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I lay a couple of throwable cushions top the engine and lie down on top of them while reaching down the port side of the engine to the area of the pump with my left hand. No way Am I going to fit tryng to crawl in from the opening under the cabin ladder. It helps that I am left-handed.
So it can be done from atop the engine. I can only get my head into the forward engine access, and maybe one arm also. My son is coming to help and he is small, but strong and flexible and can easily get alongside the engine from the back end of the engine. At my old age and lumbar fusion surgery just 2 years ago, I am inflexible. I followed one of the Forum's members suggestions and made an impeller compresser with plastic and hose clamp so it should be a little easier.
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Old 04-01-2018, 08:56 AM   #10
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Using the tools available (i.e. a smaller flexible person) is a great idea. However, even though I was able to get the cover plate off the pump while working from above, I was unable to get the old impeller out which is why I had to remove the entire pump (and in the process also changed out the studs in favor of bolts). Due to dual Racor filters, the large seawater strainer, and the Floscan installation on the port side of my engine, not even your son could get alongside my engine.
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Old 04-01-2018, 10:24 AM   #11
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Using the tools available (i.e. a smaller flexible person) is a great idea. However, even though I was able to get the cover plate off the pump while working from above, I was unable to get the old impeller out which is why I had to remove the entire pump (and in the process also changed out the studs in favor of bolts). Due to dual Racor filters, the large seawater strainer, and the Floscan installation on the port side of my engine, not even your son could get alongside my engine.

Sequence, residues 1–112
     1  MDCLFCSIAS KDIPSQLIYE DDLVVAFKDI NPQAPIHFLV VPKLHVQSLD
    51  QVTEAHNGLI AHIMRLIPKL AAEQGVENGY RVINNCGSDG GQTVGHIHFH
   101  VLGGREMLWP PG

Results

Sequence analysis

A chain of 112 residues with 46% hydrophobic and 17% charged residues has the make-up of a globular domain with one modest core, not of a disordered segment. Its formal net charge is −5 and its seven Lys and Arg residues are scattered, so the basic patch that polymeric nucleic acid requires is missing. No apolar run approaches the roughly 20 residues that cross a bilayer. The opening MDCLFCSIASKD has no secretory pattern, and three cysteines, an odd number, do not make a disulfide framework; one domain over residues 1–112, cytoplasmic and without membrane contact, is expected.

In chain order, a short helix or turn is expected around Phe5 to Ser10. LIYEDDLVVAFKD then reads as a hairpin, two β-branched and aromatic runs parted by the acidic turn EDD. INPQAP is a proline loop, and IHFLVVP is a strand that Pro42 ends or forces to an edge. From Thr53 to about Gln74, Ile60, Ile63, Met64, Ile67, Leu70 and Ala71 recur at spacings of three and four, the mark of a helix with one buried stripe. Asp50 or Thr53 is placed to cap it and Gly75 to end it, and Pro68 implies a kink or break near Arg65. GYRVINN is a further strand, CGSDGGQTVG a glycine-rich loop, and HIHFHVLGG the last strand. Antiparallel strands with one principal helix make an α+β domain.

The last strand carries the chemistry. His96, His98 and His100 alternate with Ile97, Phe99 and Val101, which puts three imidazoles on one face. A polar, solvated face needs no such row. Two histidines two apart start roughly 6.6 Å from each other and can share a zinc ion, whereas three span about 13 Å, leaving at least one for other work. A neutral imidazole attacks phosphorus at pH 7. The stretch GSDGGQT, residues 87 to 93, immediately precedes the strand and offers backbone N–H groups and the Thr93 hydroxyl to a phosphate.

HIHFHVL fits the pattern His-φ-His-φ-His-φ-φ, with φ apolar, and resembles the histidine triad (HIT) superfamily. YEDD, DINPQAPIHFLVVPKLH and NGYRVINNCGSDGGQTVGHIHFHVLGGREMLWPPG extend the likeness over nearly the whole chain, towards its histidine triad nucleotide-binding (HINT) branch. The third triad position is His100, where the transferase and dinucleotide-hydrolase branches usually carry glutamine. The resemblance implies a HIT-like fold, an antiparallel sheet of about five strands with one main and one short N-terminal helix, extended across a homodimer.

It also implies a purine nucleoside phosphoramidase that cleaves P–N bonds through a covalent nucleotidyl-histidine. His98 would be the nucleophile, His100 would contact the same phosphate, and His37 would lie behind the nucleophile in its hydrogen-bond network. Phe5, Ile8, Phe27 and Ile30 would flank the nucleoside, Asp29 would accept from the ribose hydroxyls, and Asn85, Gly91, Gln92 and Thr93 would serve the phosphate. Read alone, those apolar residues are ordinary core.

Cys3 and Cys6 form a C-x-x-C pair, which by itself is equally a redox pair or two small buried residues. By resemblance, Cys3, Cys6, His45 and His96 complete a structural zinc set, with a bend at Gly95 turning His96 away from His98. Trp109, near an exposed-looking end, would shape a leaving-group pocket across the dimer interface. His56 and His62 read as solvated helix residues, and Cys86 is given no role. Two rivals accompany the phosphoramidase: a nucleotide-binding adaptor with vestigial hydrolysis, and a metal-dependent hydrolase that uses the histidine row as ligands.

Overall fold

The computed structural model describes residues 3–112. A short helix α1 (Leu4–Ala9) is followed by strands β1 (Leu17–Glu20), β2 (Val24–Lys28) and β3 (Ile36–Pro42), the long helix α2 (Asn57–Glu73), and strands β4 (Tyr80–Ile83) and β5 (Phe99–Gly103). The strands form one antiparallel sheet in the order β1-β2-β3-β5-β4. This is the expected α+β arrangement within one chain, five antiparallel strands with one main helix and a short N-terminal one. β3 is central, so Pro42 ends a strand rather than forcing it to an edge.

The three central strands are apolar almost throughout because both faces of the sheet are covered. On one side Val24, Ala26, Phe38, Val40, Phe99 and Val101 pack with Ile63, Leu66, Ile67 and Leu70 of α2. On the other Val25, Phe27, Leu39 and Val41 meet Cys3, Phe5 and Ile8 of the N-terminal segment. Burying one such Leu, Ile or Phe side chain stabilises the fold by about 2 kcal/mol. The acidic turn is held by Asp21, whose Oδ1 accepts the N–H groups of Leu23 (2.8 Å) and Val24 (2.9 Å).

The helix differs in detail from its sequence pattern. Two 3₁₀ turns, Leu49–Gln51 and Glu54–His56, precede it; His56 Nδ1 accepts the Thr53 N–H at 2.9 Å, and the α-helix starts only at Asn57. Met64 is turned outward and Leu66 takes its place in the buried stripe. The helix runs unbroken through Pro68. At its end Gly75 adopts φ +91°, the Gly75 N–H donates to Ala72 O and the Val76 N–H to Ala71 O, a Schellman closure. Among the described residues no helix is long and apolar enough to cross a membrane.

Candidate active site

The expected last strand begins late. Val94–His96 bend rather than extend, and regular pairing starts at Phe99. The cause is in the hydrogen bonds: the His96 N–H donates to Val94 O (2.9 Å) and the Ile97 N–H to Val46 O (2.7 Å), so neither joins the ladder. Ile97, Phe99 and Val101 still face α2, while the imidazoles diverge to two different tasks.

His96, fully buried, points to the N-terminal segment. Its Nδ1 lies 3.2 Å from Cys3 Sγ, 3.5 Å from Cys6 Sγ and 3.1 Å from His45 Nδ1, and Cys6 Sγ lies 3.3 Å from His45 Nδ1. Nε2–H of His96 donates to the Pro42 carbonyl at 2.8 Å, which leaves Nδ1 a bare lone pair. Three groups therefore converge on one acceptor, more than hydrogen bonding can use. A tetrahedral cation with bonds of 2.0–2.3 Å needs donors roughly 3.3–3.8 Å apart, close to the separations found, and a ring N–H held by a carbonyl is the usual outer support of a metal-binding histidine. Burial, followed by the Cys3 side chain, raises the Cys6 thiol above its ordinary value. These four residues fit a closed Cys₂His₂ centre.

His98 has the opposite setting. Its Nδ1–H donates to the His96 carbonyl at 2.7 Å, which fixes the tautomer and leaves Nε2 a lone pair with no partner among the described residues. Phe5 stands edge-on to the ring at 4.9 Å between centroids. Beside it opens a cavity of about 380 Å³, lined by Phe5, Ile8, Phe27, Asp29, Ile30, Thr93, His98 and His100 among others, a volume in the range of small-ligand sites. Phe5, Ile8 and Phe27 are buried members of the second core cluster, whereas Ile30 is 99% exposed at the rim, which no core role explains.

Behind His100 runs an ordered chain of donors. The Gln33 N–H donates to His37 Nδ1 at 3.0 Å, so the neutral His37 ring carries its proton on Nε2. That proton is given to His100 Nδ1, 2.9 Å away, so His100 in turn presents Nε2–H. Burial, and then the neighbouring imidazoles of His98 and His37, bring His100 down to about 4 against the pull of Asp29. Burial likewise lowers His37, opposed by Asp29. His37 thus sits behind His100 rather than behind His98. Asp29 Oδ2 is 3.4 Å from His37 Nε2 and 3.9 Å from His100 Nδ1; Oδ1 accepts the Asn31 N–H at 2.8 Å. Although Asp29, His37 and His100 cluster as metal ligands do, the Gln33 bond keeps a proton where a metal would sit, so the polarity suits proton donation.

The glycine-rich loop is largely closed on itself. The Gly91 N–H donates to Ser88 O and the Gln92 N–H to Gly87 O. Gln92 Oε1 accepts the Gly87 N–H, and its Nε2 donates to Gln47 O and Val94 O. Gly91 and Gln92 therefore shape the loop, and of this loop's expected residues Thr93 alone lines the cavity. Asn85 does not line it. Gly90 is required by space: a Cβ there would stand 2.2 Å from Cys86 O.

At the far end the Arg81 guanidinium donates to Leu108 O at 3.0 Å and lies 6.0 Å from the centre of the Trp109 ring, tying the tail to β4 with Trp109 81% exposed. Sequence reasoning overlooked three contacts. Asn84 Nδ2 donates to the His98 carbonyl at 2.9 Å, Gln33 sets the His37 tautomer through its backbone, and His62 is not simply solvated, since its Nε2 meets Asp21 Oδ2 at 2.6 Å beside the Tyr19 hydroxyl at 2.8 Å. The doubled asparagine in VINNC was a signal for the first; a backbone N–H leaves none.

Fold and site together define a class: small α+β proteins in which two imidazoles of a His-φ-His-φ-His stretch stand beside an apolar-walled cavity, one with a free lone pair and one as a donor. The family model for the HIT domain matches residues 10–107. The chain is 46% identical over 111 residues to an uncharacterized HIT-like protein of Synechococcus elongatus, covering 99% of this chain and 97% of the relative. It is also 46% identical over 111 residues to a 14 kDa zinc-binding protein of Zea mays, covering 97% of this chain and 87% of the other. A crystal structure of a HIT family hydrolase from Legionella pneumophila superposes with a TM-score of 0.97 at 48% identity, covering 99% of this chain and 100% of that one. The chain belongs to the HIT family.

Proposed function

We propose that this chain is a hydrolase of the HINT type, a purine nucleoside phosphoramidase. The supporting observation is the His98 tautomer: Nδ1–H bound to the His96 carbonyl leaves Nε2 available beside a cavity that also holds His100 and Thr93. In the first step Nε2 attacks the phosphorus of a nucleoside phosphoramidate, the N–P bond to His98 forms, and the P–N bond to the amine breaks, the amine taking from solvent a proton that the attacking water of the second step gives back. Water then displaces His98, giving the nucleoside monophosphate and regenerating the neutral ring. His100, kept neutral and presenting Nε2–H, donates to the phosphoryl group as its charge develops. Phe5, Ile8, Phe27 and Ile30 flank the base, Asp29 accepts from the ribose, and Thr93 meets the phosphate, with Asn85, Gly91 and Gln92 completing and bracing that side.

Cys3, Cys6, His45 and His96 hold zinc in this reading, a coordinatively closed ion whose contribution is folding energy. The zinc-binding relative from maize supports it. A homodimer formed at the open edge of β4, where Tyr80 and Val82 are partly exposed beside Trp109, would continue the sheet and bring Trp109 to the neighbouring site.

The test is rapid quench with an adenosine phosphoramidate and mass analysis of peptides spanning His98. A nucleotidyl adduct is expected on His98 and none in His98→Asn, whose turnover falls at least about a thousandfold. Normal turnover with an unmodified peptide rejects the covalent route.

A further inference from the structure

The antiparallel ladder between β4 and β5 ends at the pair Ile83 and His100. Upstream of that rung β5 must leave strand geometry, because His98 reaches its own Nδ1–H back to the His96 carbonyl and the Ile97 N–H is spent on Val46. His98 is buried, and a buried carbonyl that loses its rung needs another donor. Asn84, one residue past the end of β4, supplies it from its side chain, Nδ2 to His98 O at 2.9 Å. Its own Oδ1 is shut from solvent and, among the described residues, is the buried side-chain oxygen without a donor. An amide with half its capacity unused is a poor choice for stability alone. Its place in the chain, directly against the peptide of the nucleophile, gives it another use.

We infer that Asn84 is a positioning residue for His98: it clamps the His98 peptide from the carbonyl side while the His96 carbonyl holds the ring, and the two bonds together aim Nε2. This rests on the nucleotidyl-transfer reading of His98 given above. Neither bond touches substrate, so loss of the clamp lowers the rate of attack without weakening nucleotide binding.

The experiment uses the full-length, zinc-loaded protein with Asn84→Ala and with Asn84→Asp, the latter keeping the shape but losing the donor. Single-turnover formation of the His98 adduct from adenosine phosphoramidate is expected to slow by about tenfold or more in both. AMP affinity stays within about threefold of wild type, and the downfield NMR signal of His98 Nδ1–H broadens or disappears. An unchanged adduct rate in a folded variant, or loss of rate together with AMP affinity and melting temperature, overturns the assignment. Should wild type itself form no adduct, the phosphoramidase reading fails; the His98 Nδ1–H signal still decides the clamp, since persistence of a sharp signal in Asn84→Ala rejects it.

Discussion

I see your problem. I only have a single Racor, no Floscan. I do have the large strainer which is not in the way to crawl forward on port side. I'm thinking maybe we both need a Pilot 34 footer with a single 315hp.
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Old 04-01-2018, 08:45 PM   #12
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I think if I had a 34, I'd want a bigger engine like maybe a 370 in order to get the speed I am used to. Hopefully, access would still be good!
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Old 04-02-2018, 05:09 AM   #13
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I think if I had a 34, I'd want a bigger engine like maybe a 370 in order to get the speed I am used to. Hopefully, access would still be good!
The new impeller job is now done and water is pumping like a fire hose. My son was able to easily crawl alongside and put in the new impeller, attach the cover and clean out the forward hose of bits of vanes. The other hose was clean earlier when we removed the end caps on the heat exchanger and rodded-out the tube bundles.
All good finally. Thanks.
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Old 04-02-2018, 11:40 AM   #14
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Thank goodness for skinny sons!! Working one-handed from above, I was unable to gt the impeller out or in and thus had to pull the whole pump.